After being back-ordered for several weeks through my university, I was one of the first to install, or attempt to install, Lightroom 4 in May. Before ordering I naturally checked to see that my computer met all the usual requirements of memory and so forth, or so I thought. When I got the disk home and started the install I was shocked to read the message, “Not compatible with this operating system.” What? I thought. I grabbed the box, “Requires Windows 7.” Up until then, everything I bought was compatible with XP, service pack 2. Since I had opened the package I was stuck. Besides, the reason I bought this was not because it could do more with video, but because it automates the insertion of latitude and longitude coordinates from Google Earth into my photos’ metadata. This is of real interest in bird photography, and the Cornell Lab of Ornithology encourages the inclusion of these data for photos sent to its site http://www.flickr.com/search/?q=all+about+birds&f=hp –part of its Citizen Science Project. Oh, more thing. Lightroom 4 can produce personally designed photo-books in .PDF format, or printed copies through one of several print services. Pretty nice features over earlier versions of Lightroom.
So, after running diagnostics on my machine to confirm that Windows 7 would run, I bought a copy, followed Microsoft’s on-line instructions, but could not get the computer to work properly. I took the machine in to my local provider who reinstalled the system, but I still had problems at home. They eventually sent a tech to my home, only to find that I had a second computer monitor cable attached, which upset the system. I have no idea when or why I did this. Thus, the entire reinstall, not to mention loading all my other software, took about two weeks.
However, when all was said and done, and installed, I must say the computer runs better on 7, and Lightroom 4 has worked fine, though I’m just now preparing to use some of the new features.
If you have any comments about using Lightroom 4, I would love to hear them.
I haven’t quite understood why Lightroom will let you use FTP to send images directly to other sites, but not their own Photoshop on-line gallery. At long last, Photoshop.com recently announced that it has a plug-in available that will do just that–all in one step. Now, instead of having to export from Lightroom, then go Photoshop.com to perform the upload, then relabel the photos as I did in Lightroom, these can all be done automatically with the Lightroom Publish Plug-in.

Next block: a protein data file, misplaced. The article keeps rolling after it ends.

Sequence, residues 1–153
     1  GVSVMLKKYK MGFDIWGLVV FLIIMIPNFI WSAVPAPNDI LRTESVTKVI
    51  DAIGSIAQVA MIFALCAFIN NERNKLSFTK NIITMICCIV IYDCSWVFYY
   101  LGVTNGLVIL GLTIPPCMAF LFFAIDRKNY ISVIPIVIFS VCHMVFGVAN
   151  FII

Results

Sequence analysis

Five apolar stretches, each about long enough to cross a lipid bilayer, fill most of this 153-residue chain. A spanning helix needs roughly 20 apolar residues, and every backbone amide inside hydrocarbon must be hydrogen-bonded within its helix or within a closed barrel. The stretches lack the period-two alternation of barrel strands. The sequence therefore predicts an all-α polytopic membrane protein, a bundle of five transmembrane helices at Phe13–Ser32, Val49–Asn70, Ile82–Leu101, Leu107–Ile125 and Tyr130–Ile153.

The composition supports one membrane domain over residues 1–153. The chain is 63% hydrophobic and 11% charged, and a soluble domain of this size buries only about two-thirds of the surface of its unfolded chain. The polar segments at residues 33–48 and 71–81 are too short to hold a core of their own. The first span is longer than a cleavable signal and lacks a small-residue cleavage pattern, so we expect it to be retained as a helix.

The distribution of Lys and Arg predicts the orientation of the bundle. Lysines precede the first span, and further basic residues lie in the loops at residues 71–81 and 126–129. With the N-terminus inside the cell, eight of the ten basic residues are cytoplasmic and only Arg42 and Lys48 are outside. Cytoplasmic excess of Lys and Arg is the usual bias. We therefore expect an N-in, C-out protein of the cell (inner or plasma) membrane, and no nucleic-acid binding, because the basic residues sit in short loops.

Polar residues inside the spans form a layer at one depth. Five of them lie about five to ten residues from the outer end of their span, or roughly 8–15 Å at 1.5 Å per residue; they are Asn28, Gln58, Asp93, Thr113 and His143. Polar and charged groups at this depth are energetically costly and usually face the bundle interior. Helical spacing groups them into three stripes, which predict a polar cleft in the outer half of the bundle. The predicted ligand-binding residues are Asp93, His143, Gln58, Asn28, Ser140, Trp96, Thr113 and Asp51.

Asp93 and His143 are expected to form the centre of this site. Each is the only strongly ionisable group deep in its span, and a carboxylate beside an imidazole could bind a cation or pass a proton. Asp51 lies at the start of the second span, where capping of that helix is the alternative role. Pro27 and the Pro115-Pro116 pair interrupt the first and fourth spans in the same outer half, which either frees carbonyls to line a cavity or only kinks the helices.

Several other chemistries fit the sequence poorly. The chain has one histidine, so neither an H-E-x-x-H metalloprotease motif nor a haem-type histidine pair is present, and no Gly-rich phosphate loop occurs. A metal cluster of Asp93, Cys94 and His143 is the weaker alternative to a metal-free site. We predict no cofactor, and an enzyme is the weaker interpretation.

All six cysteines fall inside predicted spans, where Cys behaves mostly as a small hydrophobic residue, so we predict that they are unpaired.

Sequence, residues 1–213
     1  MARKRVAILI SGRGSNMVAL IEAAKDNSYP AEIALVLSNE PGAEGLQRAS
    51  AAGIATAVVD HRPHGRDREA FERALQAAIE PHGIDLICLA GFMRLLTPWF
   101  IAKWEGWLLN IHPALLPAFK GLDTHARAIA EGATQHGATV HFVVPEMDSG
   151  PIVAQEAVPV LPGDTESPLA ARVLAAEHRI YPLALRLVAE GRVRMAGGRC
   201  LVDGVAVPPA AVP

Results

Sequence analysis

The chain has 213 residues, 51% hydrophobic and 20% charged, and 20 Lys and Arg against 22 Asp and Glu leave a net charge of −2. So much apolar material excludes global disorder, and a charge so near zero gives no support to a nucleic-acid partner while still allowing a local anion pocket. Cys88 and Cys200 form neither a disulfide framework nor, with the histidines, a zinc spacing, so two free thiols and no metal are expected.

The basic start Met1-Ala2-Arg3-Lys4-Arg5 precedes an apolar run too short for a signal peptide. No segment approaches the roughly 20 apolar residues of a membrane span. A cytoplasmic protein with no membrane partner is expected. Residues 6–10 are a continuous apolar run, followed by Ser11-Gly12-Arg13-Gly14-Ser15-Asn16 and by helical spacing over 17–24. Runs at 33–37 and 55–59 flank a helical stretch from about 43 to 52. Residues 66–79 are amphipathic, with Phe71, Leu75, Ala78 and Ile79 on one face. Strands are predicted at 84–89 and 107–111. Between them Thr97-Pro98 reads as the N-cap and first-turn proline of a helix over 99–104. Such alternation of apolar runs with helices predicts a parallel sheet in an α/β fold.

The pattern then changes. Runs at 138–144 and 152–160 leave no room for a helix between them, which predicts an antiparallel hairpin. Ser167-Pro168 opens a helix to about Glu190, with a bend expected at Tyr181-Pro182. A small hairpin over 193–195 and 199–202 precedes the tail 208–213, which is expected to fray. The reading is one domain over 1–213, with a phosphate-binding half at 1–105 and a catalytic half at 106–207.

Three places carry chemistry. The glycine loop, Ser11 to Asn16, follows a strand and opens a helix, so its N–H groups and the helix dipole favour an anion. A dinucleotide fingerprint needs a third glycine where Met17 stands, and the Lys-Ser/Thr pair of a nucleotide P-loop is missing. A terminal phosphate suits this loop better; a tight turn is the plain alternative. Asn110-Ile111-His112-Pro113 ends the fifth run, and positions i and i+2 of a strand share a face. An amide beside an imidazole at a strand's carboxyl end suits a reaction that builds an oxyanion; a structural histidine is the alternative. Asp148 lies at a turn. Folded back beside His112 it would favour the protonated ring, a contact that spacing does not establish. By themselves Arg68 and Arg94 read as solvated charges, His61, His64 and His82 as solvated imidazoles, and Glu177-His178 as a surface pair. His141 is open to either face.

I had the same problem getting my images from Lightroom to this blog at WordPress.com. Voila! Now there’s LR/Blog (http://www.photographers-toolbox.com/products/lrblog.php). Now I can just export from my images from the Lightroom Library to WordPress.com. In fact, I have the option to include a post at the same time. These two Plug-ins increase my production workflow significantly.
At this point I’ve established my two photography web sites–at WordPress and Photoshop (and more or less understand them)–and I now have the basic equipment I need for my photography.
I’ll begin posting to my blog on a weekly basis on Fridays by 5PM. Most of the topics from this point forward will focus on my field trips, and background about my subjects.
I now have just one more class to complete in terms of learning everything there is to know about using Lightroom (well, at least enough to establish a consistent workflow). Much of what I’ve learned is based on Nat Coalson’s, “Streaming your digital photography process.” This process starts by switching your raw or dng files to black & white to make your histogram and tonal adjustments before returning to color. Thereafter, you make color adjustments before proceeding to any touch-ups. These completed, final adjustments to sharpening and preparation for printing conclude the development process. Obviously, I’ve compressed a lot into a couple of sentences.
Before I started this course I felt as though I was awash in a sea of software alternatives. Now I have a workflow (which I can adjust, as necessary) and I have a technical understanding of all the Lightroom tools at my disposal. I heartily recommend anyone venturing into digital photo software to take a class, or at least get a text-book that provides clear explanations for novices. Do avoid overly technical texts–there’s not much value added, in my opinion.
Next up, I ordered the Canon f4.5-5.5 100-400mm L USM IS super telephoto lens. I’ll let you know how this learning process goes in upcoming posts.
I don’t know about those of you who are new to digital photography, but I find that just learning to use photo software isn’t enough to get the best possible images. Although I know how to manipulate most of the software menus, I end up making a lot of adjustments through trial and error, which takes more time than I want to spend with less than ideal results.
So, last night I began a Lightroom class. As the late W. Edward Deming (a continuous quality expert) would put it, I’m addressing the weakest point in my image production process. For those who don’t know, Lightroom is an Adobe product that integrates with their Photoshop line. However, Lightroom is designed more for organizing and developing photos according to a more intuitive workflow process, whereas Photoshop focuses more on special effects. Lightroom also has the advantage of not making any destructive changes to your raw or compressed files.
Here’s to better images!